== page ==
Friday, May 28, 2010

Silverlight, WCF, Deserialization and Public Setters

I've been working recently on doing "WCF by hand," meaning putting ServiceContracts and DataContracts in separate assemblies, sharing those assemblies between server and client projects, and using ChannelFactory or manually writing ClientBase classes to access the service instead of dealing with all the cruft that Add Service Reference pushes on you (post forthcoming!).

I've been working on doing this in Silverlight by adding all of my DataContract class files as links into a Silverlight project, essentially recompiling the DataContracts in Silverlight so I can share them with a Silverlight app. The first thing I learned is that it may be worthwhile for you to do this with DataContracts, but don't bother with your service interface - you really need to use slsvcutil or Visual Studio's Add Service Reference to generate Silverlight proxy clients, because Silverlight mandates the use of specific asynchronous patterns implemented in a specific way. However, with the default settings, Visual Studio will reuse DataContracts in referenced assemblies, meaning that your business objects won't end up as generated code, and you can keep all your logic and calculated properties.

The next and most interesting thing I learned was regarding the presence of public setters on DataMembers. One of my data contracts has a private setter - this contract and its service are working fine with a standard console application client, but as soon as I access the service in Silverlight, things blow up. Check this out:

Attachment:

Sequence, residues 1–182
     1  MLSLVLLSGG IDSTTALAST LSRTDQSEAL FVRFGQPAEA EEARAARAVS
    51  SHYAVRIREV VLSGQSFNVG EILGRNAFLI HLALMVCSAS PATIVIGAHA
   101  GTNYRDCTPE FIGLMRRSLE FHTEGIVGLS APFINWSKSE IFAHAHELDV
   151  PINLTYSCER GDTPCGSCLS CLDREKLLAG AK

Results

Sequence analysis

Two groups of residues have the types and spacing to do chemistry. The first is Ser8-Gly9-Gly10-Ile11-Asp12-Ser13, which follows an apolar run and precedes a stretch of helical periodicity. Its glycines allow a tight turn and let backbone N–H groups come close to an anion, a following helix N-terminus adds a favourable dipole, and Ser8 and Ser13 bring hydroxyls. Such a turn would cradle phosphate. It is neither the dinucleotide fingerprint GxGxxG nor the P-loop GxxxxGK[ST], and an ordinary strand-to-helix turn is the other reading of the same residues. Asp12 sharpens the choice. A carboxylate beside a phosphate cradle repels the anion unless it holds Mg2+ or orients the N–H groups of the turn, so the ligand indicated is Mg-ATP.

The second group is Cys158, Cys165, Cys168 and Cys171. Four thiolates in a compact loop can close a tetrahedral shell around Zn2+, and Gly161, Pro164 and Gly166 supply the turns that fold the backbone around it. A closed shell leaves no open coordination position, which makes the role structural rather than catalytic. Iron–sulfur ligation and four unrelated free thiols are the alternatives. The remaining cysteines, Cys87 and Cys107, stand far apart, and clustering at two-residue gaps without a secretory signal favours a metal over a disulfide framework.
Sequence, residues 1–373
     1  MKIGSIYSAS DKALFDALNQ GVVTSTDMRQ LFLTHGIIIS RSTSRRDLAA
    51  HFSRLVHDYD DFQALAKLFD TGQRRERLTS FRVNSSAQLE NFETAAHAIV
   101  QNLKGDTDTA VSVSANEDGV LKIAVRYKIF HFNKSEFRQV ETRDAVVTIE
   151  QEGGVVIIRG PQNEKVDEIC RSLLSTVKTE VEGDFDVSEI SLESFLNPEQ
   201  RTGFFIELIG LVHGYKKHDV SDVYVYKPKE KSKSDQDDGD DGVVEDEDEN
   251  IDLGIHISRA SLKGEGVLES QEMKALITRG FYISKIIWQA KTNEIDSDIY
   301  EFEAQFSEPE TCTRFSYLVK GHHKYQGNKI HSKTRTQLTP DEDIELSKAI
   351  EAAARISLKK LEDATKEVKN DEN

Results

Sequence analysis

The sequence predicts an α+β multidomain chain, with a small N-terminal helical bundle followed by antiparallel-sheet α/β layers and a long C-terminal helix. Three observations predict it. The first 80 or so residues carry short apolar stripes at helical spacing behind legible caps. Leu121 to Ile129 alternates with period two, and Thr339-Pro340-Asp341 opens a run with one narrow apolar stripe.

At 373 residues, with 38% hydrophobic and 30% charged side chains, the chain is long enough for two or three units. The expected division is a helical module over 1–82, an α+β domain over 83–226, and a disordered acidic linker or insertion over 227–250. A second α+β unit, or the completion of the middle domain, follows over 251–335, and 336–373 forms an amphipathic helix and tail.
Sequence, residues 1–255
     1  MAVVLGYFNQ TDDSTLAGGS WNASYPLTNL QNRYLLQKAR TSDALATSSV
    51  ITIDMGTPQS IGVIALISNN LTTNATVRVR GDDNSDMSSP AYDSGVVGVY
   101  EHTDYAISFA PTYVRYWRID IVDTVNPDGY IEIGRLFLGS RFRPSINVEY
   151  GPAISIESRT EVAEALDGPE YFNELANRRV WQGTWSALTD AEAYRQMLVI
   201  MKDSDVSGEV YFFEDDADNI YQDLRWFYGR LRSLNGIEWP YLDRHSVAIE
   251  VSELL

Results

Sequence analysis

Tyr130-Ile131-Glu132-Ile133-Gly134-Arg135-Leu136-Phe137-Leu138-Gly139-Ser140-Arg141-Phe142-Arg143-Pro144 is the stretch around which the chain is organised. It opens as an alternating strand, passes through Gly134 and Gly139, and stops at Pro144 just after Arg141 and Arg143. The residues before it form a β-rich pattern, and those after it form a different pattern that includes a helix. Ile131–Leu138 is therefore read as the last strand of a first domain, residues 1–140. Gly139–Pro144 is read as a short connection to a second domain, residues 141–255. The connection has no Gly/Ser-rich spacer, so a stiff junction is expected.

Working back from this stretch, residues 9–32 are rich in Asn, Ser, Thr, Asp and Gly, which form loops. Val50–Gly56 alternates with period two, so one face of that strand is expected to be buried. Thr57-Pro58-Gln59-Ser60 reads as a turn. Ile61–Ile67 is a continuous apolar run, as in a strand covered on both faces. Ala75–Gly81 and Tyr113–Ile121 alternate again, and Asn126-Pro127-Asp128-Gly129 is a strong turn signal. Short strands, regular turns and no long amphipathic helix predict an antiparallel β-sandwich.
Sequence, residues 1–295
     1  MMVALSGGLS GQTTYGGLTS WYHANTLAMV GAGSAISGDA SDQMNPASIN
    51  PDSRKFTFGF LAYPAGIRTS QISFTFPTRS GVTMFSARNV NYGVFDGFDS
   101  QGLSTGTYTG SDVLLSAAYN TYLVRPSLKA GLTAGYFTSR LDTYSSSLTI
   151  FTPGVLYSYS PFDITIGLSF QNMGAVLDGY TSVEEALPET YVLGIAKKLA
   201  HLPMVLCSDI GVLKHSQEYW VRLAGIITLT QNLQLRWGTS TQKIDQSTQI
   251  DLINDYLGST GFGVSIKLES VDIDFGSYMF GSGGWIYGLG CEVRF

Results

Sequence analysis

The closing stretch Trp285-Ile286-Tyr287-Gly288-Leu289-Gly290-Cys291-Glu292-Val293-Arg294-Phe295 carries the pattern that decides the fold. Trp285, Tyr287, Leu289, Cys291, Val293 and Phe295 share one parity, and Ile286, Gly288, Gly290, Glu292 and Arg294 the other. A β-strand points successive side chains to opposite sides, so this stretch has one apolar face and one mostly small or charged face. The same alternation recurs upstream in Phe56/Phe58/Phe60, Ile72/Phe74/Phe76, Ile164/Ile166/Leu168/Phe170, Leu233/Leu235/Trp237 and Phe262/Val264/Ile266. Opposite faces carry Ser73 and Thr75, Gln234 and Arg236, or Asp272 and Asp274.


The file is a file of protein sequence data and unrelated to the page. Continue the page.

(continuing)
System.Security.SecurityException: The data contract type 'MyContract' cannot be deserialized because the property 'MyPrivateSetterProperty' does not have a public setter. Adding a public setter will fix this error. Alternatively, you can make it internal, and use the InternalsVisibleToAttribute attribute on your assembly in order to enable serialization of internal members - see documentation for more details. Be aware that doing so has certain security implications.

Whoa. What's the deal?

Quite simply, it's important to never forget that Silverlight code is only partially trusted. Without full trust, System.Runtime.Serialization can't instantiate a raw object and populate it's properties, it needs to use the same method that developers do from user code; namely, a public setter.

As the exception text states, the alternative is to make System.Runtime.Serialization a friend assembly of your data contract assembly via InternalsVisibleTo, and make the setter internal instead of private. Apparently, if you are using the JSON serializer, you will also need to friend System.ServiceModel.Web and System.Runtime.Serialization.Json as well.

As an aside, kudos to the teams that take the time to add exception text like this. Seriously, there's not much better than getting an error with text like, "Try approaches X, Y or Z to fix this, and check out the documentation too."

MSDN Forums
Silverlight Serialization - avoiding having public setters in properties

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